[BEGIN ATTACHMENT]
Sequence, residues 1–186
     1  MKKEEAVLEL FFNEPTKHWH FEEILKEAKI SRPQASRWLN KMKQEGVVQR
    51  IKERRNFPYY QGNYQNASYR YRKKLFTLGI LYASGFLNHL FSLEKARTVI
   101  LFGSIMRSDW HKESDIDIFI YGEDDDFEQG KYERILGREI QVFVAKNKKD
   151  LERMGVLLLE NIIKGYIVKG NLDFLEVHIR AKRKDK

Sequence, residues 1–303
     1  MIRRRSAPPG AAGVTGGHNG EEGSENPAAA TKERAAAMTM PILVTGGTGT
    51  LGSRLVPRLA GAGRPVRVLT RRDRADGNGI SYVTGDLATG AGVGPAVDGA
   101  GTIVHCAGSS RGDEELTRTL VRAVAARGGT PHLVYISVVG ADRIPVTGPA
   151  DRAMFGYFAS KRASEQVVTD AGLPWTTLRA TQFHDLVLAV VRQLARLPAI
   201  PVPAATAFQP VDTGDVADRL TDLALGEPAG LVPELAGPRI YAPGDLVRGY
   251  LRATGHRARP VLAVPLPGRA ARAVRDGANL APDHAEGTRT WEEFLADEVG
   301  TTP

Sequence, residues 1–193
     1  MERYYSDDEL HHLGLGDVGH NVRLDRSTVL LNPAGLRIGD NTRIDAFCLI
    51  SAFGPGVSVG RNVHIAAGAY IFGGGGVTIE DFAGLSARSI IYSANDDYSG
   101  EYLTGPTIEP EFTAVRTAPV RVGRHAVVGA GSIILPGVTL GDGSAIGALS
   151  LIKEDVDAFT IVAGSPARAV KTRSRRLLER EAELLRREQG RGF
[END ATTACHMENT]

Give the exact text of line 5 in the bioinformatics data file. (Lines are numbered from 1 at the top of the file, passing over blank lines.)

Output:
   151  LERMGVLLLE NIIKGYIVKG NLDFLEVHIR AKRKDK